This formula is time tested and proven by some of the most successful people who ever lived. It isn’t original, in fact, it is ancient. It’s been published in various forms hundreds, maybe thousands of times over the last 4000 years. If you already know it, read it again – repetition is key to personal growth. You can read volumes of productivity and self-help books if you wish, but these seven simple steps are the foundation of all personal change and all personal achievement.
1. Decide exactly what you want. Make it a goal.
Did you know most people never do this? If you ask the average person what they want from life, they can’t tell you anything specific. You can’t have everything, so you need to make a decision. If you don’t, others will make the decision for you. Don’t hunker down and wait for life to come to you.
Engage life and decide what you want to do with it!
Be specific. Don’t say…
It’s too vague. “Happy and rich” isn’t a destination or a goal. It’s too abstract and subjective. Instead say…
But it doesn’t have to be about health or money. Your goal could be anything specific. It could be…
Now that’s specific!
Be realistic. What does realistic mean? It means something different to each one of us. For me, becoming an NHL All-Star isn’t realistic. I don’t have the natural talent and I’m too old. But for you it could be realistic. Only you know for sure. The best way to know if your goal is realistic is to ask yourself “Do I really believe this is possible for me?” If you can honestly say yes, then it is realistic. I’m not talking about delusional thinking here. I’m talking about BELIEVING NOT WISHING you can accomplish your goal. Don’t lie to yourself.
2. Decide what you are willing to give to reach your goal.
Deciding on a specific goal is only the first step. Next, you need to give value in return. You can’t get something for nothing, even stealing requires some effort.
Often it isn’t only what you need to give, it is also what you need to give up.
Once you know what you need to give (and give up), be willing to make the sacrifice. Everything has an opportunity cost.
3. Develop a plan.
Planning is essential to reaching your goal. Goal setting without planning is like trying to reach a destination without directions – you’ll end up someplace you didn’t intend to be. Your plan doesn’t need to be perfect, it doesn’t need to be the most efficient (although it helps), but it does need to layout specific actions and steps toward your destination. Your plan also needs to be flexible. You will meet unexpected obstacles along your journey, you will find flaws in your plan, so you will need to alter your plan.
4. Set a date you plan to reach your goal.
Someone once said goals are dreams with a deadline. That’s partially true. But I don’t like the word ‘deadline’, I like ‘target date’ instead. It’s flexible. A target date makes your goal and plan real. Leaving your goals open ended leaves no sense of urgency for action. Open ended goals are rarely achieved.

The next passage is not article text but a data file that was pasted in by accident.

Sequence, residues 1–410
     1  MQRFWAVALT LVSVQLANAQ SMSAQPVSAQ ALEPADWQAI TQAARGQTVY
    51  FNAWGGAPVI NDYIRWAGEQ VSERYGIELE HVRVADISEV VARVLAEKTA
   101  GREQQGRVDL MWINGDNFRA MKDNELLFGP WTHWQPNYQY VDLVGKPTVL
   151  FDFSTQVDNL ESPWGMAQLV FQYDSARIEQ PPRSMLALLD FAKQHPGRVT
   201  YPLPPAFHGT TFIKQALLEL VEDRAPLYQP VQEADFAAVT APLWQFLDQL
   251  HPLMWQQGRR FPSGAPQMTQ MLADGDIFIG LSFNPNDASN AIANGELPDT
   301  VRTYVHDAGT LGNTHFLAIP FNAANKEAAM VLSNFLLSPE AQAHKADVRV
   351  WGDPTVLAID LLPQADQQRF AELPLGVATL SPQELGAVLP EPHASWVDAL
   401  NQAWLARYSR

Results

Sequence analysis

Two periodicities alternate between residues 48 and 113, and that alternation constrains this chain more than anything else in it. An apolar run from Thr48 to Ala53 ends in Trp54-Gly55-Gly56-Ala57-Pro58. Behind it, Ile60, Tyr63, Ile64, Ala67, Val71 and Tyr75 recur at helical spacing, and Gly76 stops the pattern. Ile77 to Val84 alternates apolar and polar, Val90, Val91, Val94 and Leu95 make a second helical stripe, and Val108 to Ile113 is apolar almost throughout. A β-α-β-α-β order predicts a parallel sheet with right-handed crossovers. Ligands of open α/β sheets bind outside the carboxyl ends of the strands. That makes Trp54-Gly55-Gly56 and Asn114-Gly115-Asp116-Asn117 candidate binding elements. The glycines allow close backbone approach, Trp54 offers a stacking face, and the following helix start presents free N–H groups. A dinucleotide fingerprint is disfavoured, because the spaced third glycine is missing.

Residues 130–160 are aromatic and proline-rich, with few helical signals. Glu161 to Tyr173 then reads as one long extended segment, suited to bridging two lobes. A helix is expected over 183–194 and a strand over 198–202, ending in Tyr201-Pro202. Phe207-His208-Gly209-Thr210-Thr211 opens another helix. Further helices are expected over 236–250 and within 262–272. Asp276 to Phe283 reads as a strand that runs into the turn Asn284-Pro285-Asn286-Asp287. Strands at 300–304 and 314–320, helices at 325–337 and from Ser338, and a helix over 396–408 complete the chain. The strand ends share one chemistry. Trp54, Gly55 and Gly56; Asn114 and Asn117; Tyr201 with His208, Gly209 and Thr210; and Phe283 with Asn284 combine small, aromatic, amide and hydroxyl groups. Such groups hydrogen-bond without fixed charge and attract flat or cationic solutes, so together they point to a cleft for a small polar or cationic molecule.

You need a target date, but things do change. I’ve worked in software for over 10 years and I’ve rarely hit a target perfectly. Sometimes they move in but more often they move out. Expecting to hit your date every time is like expecting to put every golf shot in the hole. You need to aim for the hole, but you’ll rarely hit it, so when you miss, you asses the distance to the hole – the obstacles and hazards, shoot again, and repeat until you sink the shot. Do not quit simply because you didn’t meet your first date, reorganize, set a new date, and keep going.
5. Put steps 1 – 4 in writing.
It is essential to write everything down. Writing them down shows commitment. Don’t use a computer. I prefer to write my goals by hand with a pen and paper and carry them everywhere I go. It has more psychological power when you see your goals in your own handwriting. Hand written goals have an almost magical property. When I reflect back I realize the 90% of the goals I have written down I have achieved.
6. Read your written statement aloud at least twice a day.
People have a hard time with this one. I did too. As a kid, I watched Al Franken as Stuart Smalley stand in front of the mirror and say, “I’m Good Enough, I’m Smart Enough, and Doggone It, People Like Me!” To me reading goals aloud always felt a little… well… weird.
When you make a mistake, have you ever blurted out, “I’m so stupid” or when frustrated, “this is never going to work?” That’s called negative self-talk, and most of us do it habitually. And unlike positive self-talk, negative self-talk is socially acceptable. For some of us, negative self-talk is all we say about ourselves out loud.
If you have the same hang ups I had, you need to get over it. You need to learn to talk about your goals and your dreams aloud, both when other people are present and when you are alone. If you still can’t talk about your goals with yourself, get a personal coach, have regular meetings, and go over your goals aloud.
Why is this important?
Reading your goals aloud several times daily will program your subconscious mind to act on your goals and plans. When you make a habit of reading your goals aloud daily it becomes nearly impossible to procrastinate. Your subconscious mind will begin handing you new ideas and fine details and it will nag you when you’re lazy, if you you follow this step habitually.
7. Take action toward your goals every day.
Persistent action is critical. Every day make a habit of taking action. Dreams are not realized sitting around imagining the future, dreams are realized by taking planned calculated action. Massive action yields massive results, tiny action yields tiny results, no action yields no results.
Remember you don’t have to get it right, you just need to get going!